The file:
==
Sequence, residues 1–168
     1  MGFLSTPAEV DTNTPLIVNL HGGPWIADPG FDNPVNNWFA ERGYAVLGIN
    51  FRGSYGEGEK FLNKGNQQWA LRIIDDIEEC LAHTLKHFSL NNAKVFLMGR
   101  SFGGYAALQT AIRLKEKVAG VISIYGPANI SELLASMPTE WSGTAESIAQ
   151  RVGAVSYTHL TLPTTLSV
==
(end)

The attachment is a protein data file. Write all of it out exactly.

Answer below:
Sequence, residues 1–168
     1  MGFLSTPAEV DTNTPLIVNL HGGPWIADPG FDNPVNNWFA ERGYAVLGIN
    51  FRGSYGEGEK FLNKGNQQWA LRIIDDIEEC LAHTLKHFSL NNAKVFLMGR
   101  SFGGYAALQT AIRLKEKVAG VISIYGPANI SELLASMPTE WSGTAESIAQ
   151  RVGAVSYTHL TLPTTLSV